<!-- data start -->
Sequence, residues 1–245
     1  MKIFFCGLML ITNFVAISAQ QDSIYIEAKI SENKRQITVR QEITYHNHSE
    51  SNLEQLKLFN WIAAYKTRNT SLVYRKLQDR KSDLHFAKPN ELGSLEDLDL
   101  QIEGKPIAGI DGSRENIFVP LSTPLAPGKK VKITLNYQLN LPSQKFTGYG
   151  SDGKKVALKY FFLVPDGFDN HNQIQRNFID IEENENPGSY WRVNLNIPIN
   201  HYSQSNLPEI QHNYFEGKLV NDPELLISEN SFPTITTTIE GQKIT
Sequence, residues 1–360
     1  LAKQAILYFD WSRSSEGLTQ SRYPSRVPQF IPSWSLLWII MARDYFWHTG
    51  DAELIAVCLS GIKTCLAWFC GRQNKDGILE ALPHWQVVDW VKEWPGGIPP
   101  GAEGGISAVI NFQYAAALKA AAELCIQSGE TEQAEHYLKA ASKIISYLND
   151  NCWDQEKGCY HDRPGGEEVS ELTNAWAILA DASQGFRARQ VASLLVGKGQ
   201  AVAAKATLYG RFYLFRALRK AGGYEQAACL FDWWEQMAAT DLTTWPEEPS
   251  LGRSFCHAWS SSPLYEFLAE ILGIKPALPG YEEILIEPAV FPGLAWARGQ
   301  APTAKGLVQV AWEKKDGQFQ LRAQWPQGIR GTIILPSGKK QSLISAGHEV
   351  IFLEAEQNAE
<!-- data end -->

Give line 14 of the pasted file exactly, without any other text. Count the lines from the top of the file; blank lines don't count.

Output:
   301  APTAKGLVQV AWEKKDGQFQ LRAQWPQGIR GTIILPSGKK QSLISAGHEV